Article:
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Save the U.S. Postal Service or risk losing democracy, local officials say

Save the U.S. Postal Service or risk losing democracy, local officials say


ATLANTIC CITY — Local leaders gathered outside the U.S. Post Office on Atlantic Avenue on Thursday afternoon and urged universal support for the beleaguered Postal Service ahead of an Election Day where millions of Americans will be casting their votes by mail.

Third Ward Councilman and NAACP-Atlantic City chapter President Kaleem Shabazz, state Assemblymen Vince Mazzeo and John Armato, Atlantic County Freeholder Caren Fitzpatrick, NAACP-Mainland/Pleasantville chapter President Olivia Caldwell, Democratic Congressional candidate Amy Kennedy, and freeholder candidates Celeste Fernandez and Thelma Witherspoon each spoke about the overall importance of the Postal Service to deliver basic necessities, but also highlighted its critical role during the coronavirus crisis.

“In the midst of a pandemic, the need for a properly functioning Postal Service is clearly evident,” Shabazz said. “Our citizens need the post office.”

“Whether it’s medication, food, important correspondence, or a card for a special occasion, the post office touches us all,” he said. “The post office must be allowed to operate in a manner that enables Americans to benefit from the office as referenced in the Constitution. Anything less endangers the good order of our nation.”

The USPS, under recently appointed Postmaster General Louis DeJoy, has undertaken a series of cost-cutting measures since June, reportedly at the behest of President Donald Trump. Collection boxes and mail-sorting machines around the country have been removed, creating doubt and concern that the Postal Service can adequately handle the 2020 election.

The USPS warned election officials in 46 states — including New Jersey — that mail-in ballots may not be delivered on time.

Gov. Phil Murphy issued an executive order that the Nov. 3 General Election in New Jersey will be conducted primarily via vote-by-mail with provisional ballots available at a limited number of polling places.

The U.S. House of Representatives will vote Saturday on a $25 billion aid package for the Postal Service. The U.S. Senate is not expected to support the legislation and, reportedly, favors a $10 billion allocation to the USPS as part of a larger COVID-19 package.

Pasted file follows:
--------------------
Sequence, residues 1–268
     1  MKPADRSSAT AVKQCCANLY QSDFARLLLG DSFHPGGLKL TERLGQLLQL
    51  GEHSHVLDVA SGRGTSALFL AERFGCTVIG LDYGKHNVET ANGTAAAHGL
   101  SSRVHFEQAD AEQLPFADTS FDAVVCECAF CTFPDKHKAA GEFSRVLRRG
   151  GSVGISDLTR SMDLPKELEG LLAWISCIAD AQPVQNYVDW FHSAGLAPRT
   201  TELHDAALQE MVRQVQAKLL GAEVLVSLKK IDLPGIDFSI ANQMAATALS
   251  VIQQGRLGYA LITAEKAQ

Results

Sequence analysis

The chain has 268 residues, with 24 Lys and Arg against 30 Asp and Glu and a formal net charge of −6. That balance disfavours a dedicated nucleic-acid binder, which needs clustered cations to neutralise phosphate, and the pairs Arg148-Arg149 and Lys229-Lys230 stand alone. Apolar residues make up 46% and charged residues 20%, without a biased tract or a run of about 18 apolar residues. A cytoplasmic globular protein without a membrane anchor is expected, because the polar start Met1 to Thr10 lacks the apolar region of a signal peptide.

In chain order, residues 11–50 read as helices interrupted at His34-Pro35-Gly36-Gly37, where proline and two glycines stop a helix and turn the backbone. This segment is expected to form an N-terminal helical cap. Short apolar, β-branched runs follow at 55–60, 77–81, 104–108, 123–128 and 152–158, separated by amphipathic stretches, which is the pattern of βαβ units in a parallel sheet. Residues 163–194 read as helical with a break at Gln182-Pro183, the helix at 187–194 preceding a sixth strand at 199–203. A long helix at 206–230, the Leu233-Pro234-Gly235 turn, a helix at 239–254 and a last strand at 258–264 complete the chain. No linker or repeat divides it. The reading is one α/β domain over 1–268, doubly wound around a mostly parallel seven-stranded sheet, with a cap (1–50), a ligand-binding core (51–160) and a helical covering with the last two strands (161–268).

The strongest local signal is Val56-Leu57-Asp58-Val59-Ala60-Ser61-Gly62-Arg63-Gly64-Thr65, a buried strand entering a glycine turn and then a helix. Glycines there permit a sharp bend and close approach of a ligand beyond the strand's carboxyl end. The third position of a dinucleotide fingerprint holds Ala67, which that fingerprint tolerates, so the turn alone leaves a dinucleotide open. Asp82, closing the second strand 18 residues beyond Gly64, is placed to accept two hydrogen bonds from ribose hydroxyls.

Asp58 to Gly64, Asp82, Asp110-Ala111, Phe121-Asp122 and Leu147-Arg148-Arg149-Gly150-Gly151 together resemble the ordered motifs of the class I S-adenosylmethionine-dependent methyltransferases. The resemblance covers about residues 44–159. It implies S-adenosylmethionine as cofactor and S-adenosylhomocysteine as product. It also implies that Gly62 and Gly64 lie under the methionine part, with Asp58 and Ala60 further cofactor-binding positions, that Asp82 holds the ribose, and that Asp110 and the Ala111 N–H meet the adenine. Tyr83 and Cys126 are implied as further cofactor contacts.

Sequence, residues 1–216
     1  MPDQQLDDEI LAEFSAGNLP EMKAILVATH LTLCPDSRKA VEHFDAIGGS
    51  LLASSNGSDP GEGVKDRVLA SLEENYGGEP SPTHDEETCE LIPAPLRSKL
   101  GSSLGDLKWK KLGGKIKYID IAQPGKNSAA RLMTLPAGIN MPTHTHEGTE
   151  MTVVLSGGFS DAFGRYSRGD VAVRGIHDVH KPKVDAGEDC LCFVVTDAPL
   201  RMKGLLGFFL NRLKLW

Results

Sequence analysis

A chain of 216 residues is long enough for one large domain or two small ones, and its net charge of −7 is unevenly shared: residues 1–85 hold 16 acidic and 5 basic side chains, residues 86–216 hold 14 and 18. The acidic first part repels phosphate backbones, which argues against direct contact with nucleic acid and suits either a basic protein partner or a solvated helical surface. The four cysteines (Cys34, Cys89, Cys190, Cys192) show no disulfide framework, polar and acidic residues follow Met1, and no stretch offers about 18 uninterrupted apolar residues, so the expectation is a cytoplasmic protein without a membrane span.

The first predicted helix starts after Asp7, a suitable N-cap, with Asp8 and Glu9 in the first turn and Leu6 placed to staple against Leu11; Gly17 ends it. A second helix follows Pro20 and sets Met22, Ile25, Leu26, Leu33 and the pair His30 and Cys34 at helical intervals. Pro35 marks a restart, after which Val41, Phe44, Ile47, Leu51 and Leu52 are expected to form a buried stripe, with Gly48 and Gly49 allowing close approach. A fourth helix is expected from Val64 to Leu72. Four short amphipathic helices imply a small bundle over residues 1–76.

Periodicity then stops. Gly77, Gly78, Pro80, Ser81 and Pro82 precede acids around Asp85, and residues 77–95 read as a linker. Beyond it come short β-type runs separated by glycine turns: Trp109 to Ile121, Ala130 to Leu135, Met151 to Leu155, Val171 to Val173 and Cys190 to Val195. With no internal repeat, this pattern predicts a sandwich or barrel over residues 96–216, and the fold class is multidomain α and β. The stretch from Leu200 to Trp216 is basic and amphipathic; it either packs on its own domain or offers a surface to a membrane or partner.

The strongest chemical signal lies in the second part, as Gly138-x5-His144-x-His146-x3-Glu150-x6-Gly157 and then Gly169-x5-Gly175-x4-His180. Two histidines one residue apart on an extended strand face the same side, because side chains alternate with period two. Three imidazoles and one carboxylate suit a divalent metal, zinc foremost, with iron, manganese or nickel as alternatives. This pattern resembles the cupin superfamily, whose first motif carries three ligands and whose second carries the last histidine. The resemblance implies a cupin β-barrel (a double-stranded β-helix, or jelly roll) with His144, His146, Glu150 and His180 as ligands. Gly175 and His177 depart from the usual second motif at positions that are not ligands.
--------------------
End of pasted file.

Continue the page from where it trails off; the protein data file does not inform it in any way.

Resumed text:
Outside the Atlantic City post office Thursday, the local delegation of elected officials and candidates — all Democrats — called on the region’s federal representatives to vote in favor of legislation that supports the Postal Service. Shabazz said local Republican officials were invited.

Kennedy, the challenger to Republican U.S. Congressman Jeff Van Drew in the 2nd Congressional District, talked about her great uncle, a mail carrier in Atlantic County and his “commitment” to serve the public, even during sickness and injuries.

“It’s so crucial — that lifeline, that he provided, that so many of those working today are providing — for our families,” she said. “Whether it’s the communication, or the medicines, or the employment of veterans, that is really essential to the fabric of our country, and we need to be there to support them.”

The security and validity of mail-in ballots are frequently called into question, but there is little evidence of widespread fraud or malicious activity. Still, the contingent of officials in Atlantic City on Thursday presented two alternatives for those who are concerned — use a county secured dropbox or cast a provisional ballot in person on Election Day.

Fitzpatrick said there were five locked dropboxes located throughout the county for July’s primary. She said there would be 13 such containers for the general election, all of which are video monitored 24 hours a day and whose contents will be collected by county officials.

Armato, an Air Force veteran, said the mail is vital to retired military members who receive medication and other essentials via the post office. He called the recent cuts to the post office and their impact on service quality “unacceptable.”

Armato quipped that if the post office can deliver “1.3 billion Christmas cards, I’m sure we can handle 100 million,” votes.

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Staff Writer

I cover Atlantic City government and the casino industry since joining The Press in early 2018. I formerly worked as a politics & government reporter for NJ Herald and received the First Amendment: Art Weissman Memorial NJPA Award two years in a row.

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